All the trees are now up. There’s the Grand Fir in the living room, draped with multi-colored lights, and the very tall one with white lights on the entry porch, and two smaller white-lit trees on the front porch and the terrace, and the little miniature cottage in the library, and the mantle lights, the stained glass window with fairy lights in the pantry, and votive candles scattered everywhere. Never mind, that we won’t even be here for Christmas–we are preparing for December’s dark days and nights.
Finally, we’ve had a skiff of snow. It’s still hovering around freezing, down here at the lake, but an Arctic blast is predicted to bring overnight temperatures down into the teens. There’s been ice on our stone steps up to the garage. Great flocks of geese fly across the sky, in search of open water. Winter is on our doorstep, once again.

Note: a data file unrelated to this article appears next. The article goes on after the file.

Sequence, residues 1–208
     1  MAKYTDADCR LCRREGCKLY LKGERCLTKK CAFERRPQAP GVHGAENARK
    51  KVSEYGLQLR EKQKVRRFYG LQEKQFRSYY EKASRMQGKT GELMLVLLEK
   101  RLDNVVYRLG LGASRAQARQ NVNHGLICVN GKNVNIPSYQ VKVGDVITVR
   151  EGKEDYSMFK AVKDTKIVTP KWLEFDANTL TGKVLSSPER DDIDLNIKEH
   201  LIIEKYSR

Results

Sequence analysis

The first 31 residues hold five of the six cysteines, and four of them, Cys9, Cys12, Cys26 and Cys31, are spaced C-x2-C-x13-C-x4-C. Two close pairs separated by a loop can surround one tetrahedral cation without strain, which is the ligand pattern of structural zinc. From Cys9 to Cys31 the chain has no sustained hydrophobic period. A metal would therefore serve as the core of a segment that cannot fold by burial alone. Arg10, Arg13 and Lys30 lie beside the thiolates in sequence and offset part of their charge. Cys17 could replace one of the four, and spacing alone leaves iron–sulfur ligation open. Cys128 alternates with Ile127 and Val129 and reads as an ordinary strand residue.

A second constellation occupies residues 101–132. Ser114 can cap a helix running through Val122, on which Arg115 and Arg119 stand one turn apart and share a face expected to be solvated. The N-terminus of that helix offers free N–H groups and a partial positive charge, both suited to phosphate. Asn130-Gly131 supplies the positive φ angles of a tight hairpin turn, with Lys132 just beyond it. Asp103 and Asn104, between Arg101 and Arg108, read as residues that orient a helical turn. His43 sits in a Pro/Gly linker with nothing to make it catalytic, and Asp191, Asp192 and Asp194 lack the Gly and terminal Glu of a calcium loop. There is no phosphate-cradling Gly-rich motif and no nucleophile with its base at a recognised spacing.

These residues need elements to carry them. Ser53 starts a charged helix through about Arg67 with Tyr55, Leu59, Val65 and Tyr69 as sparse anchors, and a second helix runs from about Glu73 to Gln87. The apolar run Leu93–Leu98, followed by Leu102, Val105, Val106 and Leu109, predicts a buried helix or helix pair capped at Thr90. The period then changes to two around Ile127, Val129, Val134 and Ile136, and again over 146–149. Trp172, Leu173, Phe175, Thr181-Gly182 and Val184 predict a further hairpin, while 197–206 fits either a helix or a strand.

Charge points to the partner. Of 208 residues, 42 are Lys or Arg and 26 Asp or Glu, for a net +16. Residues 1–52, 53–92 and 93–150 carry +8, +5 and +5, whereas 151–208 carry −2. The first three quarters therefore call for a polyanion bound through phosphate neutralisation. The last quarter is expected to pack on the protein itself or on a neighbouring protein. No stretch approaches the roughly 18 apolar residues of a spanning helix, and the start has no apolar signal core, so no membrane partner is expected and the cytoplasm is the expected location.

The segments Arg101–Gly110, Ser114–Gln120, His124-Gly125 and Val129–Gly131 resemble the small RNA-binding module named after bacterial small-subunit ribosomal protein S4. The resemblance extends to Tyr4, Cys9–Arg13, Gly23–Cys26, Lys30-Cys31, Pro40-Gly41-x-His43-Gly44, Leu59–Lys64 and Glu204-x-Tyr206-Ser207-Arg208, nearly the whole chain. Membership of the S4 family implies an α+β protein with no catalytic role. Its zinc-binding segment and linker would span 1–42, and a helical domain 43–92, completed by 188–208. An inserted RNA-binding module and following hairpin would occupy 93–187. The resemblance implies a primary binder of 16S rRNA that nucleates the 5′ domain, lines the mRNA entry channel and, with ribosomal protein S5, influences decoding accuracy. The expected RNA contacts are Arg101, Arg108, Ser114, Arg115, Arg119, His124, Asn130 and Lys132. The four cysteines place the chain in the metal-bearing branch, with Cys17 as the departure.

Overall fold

“One must have a mind of winter…and not to think of any memory in the sound of the wind”, Wallace Stevens writes in his poem, The Snowman. Another December quote I’ve recorded in my journal reads, “Christmas is a time you get homesick, even when you are at home.” It’s so dark, the news out there in the world is so grim, and another year of our life is coming to an end. “December’s eyes grow sad”, writes Beatrice Crane in her ancient poem, December–we need “a torch to light the storm.” Is it any wonder we close the shutters, light the candles, and fill our homes with as much merriment as we can!